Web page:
Viva!’s Top 20 Vegan Chocolate Treats

 

Yes, vegans love chocolate and other related goodies and going vegan doesn’t mean you have to do without, far from it. Here is our Top 20. If you can’t find what you want in a shop, go online – the choice is overwhelming!

Browse the Viva! shop www.vivashop.org.uk/food-wine/chocolates for a range of gorgeous items that you won’t find in supermarkets!

VEGAN CHOCOLATE

1. ALDI

  • Choceur Mint Chocolate Thins
  • Choceur Mint Chocolate Waves
  • Dairyfine Dark Chocolate and Mint Chocolate bars  (vegan, despite the name!)

Cheap, cheerful and surprisingly good. The Mint Thins are way nicer than their more famous counterpart (which are no longer vegan)

2. Booja Booja

Independent shops or online, eg Viva!Shop – some of the best chocolate around whether you’re vegan or not.  Not cheap but worth it!

 

buy Booja Booja

3. Hotel Chocolat

Mini Hazelnut& Pistachio Bûche Dark & Nutty – a little chocky log of gorgeousness! But they also do pralines and much more…

check out their vegan list here

4. i-Choc

Several delicious flavours suitable for vegans including a lovely white choc and an almond milk flavour. See Viva!Shop and other independents.

Viva!Shop

5. Jokerz, Buccaneer, Twilight and Mahlo Bars

Vegan equivalents of Snickers, Mars, Milky Way and Bounty! Viva!Shop and other independents

Viva!Shop

6. Ombar Coconut Mylk

A raw vegan milk chocolate made from creamy coconut milk. Independents and Viva!Shop

Viva!Shop

7. Vego Whole Hazelnut Chocolate Bar.

It’s a bit like that famous truck driver bar… but way better. One of Viva!Shop’s best sellers

Viva!Shop’s

8. Vivani mini bars

Small bars of loveliness including white and orange almond. Viva!Shop and elsewhere

Viva!Shop

9. Vivani Dunkle Nougat Bar

100g of creamy rich dark chocolate filled with a thin layer of hazelnut paste ie like praline. Delicious. Find it from good health food shops or other independents.

10. Zotter Hazelnut Nougat

It’s a big praline bar, basically. Utterly delicious. Viva!Shop and other independents.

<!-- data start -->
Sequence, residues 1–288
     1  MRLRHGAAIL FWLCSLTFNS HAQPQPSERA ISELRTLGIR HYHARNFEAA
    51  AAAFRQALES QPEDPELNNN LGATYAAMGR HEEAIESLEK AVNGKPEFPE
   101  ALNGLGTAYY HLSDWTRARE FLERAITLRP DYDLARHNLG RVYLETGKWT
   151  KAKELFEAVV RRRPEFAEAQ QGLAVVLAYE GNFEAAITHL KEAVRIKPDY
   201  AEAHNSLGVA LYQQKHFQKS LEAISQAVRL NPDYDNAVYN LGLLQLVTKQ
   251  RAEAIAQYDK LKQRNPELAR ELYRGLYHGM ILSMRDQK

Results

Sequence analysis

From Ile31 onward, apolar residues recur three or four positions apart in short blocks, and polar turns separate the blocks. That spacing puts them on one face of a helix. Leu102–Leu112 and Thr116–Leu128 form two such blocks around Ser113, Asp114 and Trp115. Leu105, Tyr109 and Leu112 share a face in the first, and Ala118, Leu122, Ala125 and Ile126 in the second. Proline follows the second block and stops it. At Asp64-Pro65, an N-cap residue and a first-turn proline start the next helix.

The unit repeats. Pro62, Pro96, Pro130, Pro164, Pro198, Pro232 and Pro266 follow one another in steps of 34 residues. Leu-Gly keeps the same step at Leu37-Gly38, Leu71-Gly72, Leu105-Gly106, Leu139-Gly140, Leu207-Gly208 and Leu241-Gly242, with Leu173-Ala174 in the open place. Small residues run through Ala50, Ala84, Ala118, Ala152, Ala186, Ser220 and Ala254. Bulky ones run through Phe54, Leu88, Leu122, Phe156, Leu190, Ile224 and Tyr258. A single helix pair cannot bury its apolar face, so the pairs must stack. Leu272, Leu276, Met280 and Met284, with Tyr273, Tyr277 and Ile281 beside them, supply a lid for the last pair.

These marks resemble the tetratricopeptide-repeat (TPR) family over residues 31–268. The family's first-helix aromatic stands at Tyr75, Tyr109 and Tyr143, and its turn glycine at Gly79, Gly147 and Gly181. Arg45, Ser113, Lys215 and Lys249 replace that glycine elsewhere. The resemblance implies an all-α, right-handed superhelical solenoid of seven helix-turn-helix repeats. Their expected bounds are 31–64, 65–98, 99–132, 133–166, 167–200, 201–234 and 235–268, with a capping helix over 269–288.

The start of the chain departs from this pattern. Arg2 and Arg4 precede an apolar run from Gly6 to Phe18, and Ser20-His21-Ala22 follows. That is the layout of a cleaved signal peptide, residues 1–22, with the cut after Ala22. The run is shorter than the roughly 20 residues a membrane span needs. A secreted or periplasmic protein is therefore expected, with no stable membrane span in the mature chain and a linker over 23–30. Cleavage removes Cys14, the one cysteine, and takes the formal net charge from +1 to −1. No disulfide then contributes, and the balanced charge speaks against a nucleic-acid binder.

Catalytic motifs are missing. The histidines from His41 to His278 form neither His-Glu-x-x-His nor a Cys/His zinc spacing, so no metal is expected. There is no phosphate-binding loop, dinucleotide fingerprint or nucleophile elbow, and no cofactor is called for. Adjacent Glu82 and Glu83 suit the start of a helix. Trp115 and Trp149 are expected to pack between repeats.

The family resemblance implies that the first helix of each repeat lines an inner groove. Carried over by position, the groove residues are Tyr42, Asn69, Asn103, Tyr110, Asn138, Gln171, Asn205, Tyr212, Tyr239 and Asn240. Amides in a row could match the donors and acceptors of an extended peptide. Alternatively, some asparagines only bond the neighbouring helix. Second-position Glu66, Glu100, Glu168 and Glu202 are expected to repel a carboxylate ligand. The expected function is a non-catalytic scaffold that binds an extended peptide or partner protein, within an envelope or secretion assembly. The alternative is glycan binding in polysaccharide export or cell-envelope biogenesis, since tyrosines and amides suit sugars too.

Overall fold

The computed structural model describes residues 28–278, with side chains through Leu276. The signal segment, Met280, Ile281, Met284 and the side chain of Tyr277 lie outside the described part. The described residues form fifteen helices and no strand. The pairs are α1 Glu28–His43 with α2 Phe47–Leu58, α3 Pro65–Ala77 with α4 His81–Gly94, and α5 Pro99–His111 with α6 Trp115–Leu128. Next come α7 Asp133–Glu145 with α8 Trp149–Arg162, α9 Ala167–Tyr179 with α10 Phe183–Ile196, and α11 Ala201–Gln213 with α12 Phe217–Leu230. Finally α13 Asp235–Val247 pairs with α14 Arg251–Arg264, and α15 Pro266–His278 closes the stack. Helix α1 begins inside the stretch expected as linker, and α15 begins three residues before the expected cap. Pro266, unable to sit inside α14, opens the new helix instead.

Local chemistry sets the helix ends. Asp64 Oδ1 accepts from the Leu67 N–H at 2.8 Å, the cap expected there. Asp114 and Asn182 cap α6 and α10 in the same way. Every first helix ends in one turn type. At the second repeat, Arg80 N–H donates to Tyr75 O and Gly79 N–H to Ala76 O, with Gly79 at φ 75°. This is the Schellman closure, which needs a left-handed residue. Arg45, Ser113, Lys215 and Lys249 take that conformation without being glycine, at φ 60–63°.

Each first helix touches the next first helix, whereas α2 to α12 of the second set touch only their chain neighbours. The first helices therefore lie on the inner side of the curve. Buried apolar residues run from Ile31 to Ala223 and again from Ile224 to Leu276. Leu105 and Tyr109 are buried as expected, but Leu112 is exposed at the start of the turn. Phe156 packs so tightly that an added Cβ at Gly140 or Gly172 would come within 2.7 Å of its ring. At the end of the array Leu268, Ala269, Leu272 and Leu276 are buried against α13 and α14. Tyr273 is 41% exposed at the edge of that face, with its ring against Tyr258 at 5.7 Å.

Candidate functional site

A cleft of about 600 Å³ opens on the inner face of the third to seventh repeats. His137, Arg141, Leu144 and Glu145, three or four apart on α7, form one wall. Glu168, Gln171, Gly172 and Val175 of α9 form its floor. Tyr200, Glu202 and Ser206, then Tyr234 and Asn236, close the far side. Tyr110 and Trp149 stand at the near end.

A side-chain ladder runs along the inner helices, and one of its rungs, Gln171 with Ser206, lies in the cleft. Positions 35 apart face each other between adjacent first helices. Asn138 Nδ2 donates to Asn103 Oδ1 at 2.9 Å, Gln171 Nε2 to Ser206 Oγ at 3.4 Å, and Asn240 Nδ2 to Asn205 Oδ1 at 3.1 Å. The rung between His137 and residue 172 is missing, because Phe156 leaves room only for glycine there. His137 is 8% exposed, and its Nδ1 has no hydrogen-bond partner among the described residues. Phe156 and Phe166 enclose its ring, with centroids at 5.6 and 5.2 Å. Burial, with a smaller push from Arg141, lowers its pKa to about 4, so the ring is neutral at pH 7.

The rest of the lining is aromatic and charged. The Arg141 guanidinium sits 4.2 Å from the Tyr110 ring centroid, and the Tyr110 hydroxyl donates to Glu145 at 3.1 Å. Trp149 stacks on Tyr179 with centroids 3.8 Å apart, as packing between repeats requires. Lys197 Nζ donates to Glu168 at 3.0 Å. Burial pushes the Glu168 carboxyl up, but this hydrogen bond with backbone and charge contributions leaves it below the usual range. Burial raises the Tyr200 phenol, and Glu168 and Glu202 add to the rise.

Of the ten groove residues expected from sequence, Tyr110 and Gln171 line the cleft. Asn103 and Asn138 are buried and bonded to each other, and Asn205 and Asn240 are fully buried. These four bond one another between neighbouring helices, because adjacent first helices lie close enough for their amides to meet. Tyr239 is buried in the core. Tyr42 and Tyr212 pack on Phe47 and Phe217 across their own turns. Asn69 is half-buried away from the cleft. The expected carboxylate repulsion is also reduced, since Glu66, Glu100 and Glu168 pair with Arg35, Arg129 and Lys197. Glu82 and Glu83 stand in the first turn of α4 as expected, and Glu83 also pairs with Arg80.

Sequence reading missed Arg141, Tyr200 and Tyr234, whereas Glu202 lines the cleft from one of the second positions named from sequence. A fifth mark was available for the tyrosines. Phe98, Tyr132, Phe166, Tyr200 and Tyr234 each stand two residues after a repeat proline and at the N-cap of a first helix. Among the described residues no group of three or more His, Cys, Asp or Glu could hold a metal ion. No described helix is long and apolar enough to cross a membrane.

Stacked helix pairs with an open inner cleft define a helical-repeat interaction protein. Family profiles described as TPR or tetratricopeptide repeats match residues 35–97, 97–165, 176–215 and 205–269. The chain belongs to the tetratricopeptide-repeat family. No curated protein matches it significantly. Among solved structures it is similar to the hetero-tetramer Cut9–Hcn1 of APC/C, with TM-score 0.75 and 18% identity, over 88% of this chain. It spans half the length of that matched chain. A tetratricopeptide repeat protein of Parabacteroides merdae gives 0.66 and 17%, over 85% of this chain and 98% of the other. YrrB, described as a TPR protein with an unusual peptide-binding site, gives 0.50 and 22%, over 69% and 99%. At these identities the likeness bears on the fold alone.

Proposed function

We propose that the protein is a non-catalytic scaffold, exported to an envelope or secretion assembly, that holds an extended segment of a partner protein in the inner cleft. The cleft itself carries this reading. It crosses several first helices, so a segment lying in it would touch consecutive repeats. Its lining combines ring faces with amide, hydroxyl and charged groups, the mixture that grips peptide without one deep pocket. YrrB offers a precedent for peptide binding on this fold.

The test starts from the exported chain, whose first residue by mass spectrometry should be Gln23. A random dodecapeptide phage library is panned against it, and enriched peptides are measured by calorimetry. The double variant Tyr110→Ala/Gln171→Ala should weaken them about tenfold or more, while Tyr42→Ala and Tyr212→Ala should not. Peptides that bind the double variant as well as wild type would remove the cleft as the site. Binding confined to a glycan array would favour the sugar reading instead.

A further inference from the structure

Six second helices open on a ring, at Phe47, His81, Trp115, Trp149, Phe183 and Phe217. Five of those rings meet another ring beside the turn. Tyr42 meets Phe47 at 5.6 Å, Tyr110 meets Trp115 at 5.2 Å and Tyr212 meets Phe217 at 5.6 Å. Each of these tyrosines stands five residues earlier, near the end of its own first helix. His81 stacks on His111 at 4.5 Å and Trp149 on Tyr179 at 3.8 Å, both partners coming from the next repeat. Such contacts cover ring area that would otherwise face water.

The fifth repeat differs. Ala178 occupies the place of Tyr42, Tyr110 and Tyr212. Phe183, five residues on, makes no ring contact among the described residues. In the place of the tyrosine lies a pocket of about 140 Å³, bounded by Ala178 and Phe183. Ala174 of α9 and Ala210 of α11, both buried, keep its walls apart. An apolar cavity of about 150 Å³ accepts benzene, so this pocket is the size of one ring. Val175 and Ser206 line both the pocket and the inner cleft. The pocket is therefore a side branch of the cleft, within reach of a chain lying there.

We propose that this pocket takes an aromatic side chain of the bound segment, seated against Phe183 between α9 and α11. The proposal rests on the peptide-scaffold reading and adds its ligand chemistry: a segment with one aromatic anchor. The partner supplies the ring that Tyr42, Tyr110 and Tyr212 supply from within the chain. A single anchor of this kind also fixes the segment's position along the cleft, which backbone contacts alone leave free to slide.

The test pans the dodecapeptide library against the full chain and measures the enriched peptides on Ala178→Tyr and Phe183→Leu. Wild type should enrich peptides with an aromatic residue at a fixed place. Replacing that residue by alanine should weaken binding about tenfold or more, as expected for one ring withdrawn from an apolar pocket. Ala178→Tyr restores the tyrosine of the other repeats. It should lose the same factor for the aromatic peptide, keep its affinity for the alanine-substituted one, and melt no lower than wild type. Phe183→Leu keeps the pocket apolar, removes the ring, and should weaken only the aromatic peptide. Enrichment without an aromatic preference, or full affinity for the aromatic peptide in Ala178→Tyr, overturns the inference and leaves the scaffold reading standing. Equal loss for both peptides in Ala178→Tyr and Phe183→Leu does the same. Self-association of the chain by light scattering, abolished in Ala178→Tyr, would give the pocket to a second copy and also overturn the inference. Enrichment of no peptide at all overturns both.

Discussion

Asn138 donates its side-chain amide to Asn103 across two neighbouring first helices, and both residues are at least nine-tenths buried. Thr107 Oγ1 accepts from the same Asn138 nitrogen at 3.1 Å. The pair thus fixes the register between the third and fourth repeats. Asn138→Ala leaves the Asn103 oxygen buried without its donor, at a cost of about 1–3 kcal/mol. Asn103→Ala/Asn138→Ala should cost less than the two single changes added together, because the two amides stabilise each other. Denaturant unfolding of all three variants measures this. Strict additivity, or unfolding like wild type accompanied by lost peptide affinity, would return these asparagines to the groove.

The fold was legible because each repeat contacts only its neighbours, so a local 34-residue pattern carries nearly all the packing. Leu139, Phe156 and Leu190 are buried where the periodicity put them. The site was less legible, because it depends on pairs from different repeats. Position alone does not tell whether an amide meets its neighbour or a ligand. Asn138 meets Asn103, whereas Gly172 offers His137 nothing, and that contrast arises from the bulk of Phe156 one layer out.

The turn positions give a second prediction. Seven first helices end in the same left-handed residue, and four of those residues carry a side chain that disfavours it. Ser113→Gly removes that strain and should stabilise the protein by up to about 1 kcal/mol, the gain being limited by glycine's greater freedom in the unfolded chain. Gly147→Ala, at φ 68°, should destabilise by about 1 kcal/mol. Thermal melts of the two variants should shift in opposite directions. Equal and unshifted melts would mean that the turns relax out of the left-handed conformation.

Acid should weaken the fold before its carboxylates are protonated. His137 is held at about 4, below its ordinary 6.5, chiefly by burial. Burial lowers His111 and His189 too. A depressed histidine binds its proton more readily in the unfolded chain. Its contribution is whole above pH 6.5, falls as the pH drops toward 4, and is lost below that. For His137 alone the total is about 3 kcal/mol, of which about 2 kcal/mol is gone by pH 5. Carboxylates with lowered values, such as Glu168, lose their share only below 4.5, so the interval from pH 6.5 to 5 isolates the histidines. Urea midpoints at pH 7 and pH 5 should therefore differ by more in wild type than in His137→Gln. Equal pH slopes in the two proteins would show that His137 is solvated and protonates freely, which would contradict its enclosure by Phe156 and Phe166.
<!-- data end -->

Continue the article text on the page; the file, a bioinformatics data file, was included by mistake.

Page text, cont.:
Viva!Shop

Alpro Fresh Coconut Cream

Alpro Fresh Coconut Cream

OTHER VEGAN CHOCOLATE-RELATED ITEMS

11. Alpro Chocolate Milk: soya, almond or coconut based

12. Booja Booja Hunky Punky Chocolate Ice Cream

13. CoYo Chocolate Coconut Milk Yoghurt

14. Lazy Days Belgian Chocolate Tiffin

Millionaire’s Shortbread and other items. (Free-from shelves in larger supermarkets eg Co-op, Sainsbury’s, Waitrose)

15. Chocolate Spread

While many contain added milk, these don’t and are great. Plamil Alternative to Milk Chocolate Spread (health food shops and independents ); Nature's Store Hazelnut & Chocolate Spread (Sainsbury’s and elsewhere); Biona Organic Cocobella Chocolate Coconut Butter (health food shops, Ocado)

16. Swedish Glace Chocolate Frozen Dessert (and other flavours)

Find it in Waitrose, Tesco and health food shops etc

17. Chocolate Dessert

Alpro, Provamel and Tesco each sell nice little choc pots!

18. Bourbons. The classic

Yes, they’re vegan.

19. Hobnob Choc Chip

These are vegan but the chocolate- covered variety are not. Go figure… ( regular Hobnobs and other generic  oat biscuits are invariably vegan)

20. Hot chocolate and cocoa

Aldi, Sainsbury's Fairtrade Drinking Chocolate, Tesco Traditional Drinking Chocolate are all vegan, as are Santo Domingo Drinking Chocolate. Or try a good quality cocoa such as Equal Exchange Fairtrade and just add sugar or agave syrup plus plant milk of your choice.  Note – many hot chocolate brands contain milk powder, especially the sachets.

NOTE: ALLERGENS VS VEGAN?

If an item contains no animal ingredients but the packaging states may contain traces of milk/egg… this means the item is essentially vegan. Companies who make a variety of foods have to clean the production lines thoroughly between different batches, eg foods containing nuts, soya, dairy etc.

Any traces would be microscopic and are not actually added to the product you buy – and they don’t contribute to animal suffering.

The UK’s Food Standards Agency states: we would not be against a food that is labelled as vegan carrying a warning on the label that it is produced in a factory or on a line where certain dairy products or allergenic foods are also handled and used.

From an ethical point of view, most vegan groups agree that this is an acceptable compromise. While it is undoubtedly better to support dedicated vegan companies, it isn’t always practical. Being able to buy items from mainstream companies widens the choice of products available and makes a change of diet less daunting to new vegans.

However, this compromise may not be suitable for those with severe allergies. As ever, when in doubt, check with the manufacturer.